Russian adoption ban hits close to home for Michigan family
Family who adopted Russian child says new adoption ban is terrible news for families waiting to bring children home
The news of the adoption ban out of Russia hits very close to home for the Bennett family in Ottawa Lake.
They started as four but in July 4-year-old Jonas, from Serbia, joined the family.
Read more: Russia's Putin signs anti-U.S. adoption bill
"The problem lives under our own roof, he's my son. Had we started this process just a couple of months later, he wouldn't be here," said Jessica Bennett. "It just so happened that Russia was one of those places that we knew that lots of kids needed help there."
For years, Jonas lived in a Russian orphanage. His only possession was a cross given to him when he was Baptized. It took about two years to bring Jonas home to Ottawa Lake to be with his new family. That's something other American families may be waiting to do for a very long time.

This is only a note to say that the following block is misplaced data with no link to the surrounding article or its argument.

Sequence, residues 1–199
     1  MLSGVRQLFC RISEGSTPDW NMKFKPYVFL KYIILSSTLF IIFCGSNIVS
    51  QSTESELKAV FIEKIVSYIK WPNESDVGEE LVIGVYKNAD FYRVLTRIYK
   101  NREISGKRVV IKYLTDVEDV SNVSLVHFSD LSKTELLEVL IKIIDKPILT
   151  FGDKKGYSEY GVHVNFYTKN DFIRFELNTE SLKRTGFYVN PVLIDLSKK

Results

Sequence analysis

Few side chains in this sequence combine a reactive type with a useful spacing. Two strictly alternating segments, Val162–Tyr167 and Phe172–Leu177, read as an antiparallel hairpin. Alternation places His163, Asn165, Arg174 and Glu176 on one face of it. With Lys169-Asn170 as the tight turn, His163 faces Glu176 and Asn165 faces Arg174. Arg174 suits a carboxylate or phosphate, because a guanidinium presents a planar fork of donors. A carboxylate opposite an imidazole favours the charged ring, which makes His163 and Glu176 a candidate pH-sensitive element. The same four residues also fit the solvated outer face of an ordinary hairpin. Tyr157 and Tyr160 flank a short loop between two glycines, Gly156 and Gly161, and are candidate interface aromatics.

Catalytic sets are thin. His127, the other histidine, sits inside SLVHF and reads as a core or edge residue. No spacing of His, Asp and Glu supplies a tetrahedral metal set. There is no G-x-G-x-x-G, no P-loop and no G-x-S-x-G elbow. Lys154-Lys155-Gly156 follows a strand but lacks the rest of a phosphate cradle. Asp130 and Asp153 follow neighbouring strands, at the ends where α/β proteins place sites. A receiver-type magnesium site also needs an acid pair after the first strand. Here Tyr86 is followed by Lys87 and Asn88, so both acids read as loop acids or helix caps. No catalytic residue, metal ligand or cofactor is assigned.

"We've had lots of people who have been working on the adoptions for years who are now maybe a week away from going and bringing their child home, and now won't be able to," said Bennett.
Now that Russian President Vladimir Putin signed the bill banning adoptions by Americans it is likely 46 children who were about to be adopted by U.S. families will have to remain in Russia. Even more children with special needs like Jonas are waiting for new homes.
For Bennett, this ban is a death sentence.
"I can't imagine what those people are feeling like now that their child lives a world apart from them and that there is a government stopping them from going to get them," she said.
All aspects of Jonas' life could not exist if he did not get adopted by the Bennett family.
"To know that there are hundreds of thousands of kids like him, it's disheartening. It's infuriating," said Bennett.